How To Use The Foam Roller For Balance (Proprioception)
IntroductionAs we have previously suggested in our article on core stability, the foam roller has many uses in fitness and rehabilitation. Whilst self myofascial release may be its primary use, balance exercises can be performed on the roller as a medium for instability. These balance, or proprioception as it is sometimes known, exercises are incredibly important for both rehabilitation and prevention of sports related injuries. Therefore, this article will discuss some background information on balance and proprioception, the relevant research and as usual the most appropriate foam roller exercises.
What Is Proprioception?Well, that may be a difficult question to answer. But technically it is:
"A specialised variation of the sensory modality of touch that encompasses the sensation of joint movement (kinesthesia) and joint position (joint position sense)." (Lephart et al., 1997)
Essentially, this means that there are sensors in the skin, ligaments, joints, etc that feed information to the brain about where the body is in space. This is essential for us to maintain our balance.
So, Why Should We Care About Balance (Or Proprioception)?
Sports medicine research has suggested that achieving functional and sport-specific activities after musculoskeletal trauma and rehabilitation can be enhanced significantly if proprioception is addressed and instituted early in the treatment program (Lephart et al., 1997). So, that is some pretty heavy stuff. However, the suggestion is that your outcomes or results from injury rehabilitation will be poorer if you do not include early balance training and proprioception exercises.Reduced proprioception and reduced balance have been associated with the many injuries, including:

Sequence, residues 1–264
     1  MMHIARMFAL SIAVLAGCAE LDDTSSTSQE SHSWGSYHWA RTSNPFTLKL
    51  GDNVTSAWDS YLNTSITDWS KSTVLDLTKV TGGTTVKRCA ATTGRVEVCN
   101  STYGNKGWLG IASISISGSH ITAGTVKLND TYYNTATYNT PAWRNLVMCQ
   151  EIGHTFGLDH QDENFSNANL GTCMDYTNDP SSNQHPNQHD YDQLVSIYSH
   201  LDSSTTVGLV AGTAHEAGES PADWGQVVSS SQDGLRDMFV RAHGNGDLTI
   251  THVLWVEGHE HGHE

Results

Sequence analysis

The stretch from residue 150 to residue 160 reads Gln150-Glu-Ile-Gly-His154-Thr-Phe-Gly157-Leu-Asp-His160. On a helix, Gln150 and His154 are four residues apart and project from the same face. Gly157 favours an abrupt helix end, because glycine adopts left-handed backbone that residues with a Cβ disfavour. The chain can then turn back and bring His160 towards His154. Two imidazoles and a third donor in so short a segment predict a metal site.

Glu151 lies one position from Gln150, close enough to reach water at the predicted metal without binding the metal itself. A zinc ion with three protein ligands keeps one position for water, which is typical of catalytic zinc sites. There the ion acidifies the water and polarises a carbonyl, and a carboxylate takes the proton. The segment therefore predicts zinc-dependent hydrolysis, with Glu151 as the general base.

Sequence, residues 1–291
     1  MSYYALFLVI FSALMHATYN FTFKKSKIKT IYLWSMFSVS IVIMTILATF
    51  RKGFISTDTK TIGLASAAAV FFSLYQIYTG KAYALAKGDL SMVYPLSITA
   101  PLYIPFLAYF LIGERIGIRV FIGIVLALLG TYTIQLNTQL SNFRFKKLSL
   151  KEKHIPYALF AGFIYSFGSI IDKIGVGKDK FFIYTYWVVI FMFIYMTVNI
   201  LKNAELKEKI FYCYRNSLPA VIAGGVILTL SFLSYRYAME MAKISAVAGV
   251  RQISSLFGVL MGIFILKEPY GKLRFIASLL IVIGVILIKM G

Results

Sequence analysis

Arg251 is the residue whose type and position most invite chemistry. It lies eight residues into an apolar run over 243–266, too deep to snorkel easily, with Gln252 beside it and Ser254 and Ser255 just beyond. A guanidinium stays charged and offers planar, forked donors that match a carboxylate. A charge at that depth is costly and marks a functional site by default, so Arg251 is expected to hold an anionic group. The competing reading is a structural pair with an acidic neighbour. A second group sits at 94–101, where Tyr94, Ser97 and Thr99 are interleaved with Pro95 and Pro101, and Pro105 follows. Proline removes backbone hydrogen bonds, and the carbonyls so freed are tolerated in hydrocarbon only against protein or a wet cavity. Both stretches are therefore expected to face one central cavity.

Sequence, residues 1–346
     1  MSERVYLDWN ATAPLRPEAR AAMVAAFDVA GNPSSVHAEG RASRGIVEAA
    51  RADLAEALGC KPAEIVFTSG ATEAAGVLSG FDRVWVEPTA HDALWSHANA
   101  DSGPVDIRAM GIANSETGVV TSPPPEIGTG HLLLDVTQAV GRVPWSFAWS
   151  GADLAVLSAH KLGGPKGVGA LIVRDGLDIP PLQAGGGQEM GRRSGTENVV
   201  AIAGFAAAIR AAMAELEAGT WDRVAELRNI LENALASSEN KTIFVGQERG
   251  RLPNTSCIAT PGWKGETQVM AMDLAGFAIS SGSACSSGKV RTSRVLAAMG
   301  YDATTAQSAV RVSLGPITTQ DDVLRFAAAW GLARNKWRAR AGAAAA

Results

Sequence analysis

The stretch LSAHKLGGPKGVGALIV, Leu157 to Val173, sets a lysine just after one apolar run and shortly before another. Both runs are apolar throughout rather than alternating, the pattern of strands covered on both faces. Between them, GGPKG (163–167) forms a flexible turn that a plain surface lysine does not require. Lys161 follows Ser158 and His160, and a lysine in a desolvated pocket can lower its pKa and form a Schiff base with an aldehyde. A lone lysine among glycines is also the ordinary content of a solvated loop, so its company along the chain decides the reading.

- Knee Injuries - including ligament injuries (Barrack et al., 1989)
- Ankle Injuries - including ligaments and chronic ankle instability (Garn & Newton, 1988)
- Shoulder Injuries - including instability and post-surgery (Smith & Brunolli, 1989).
- Low Back Injuries (Parkhurst and Burnett, 1994).
What Exercises Should I Do?There are many variations and different types of proprioception and balance foam roller exercises. You can be creative with what you do, however, here are a few video examples: Suitable For Lower Back Injuries Suitable For Lower Limb Proprioception and Balance
What Type Will Be Most Useful?Given that you are going to require a medium to large sized unstable surface the best product for this condition would be:
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Smith RL, Brunolli J. Shoulder kinesthesia after shoulder dislocation. Phys Ther 69 106-112, 1989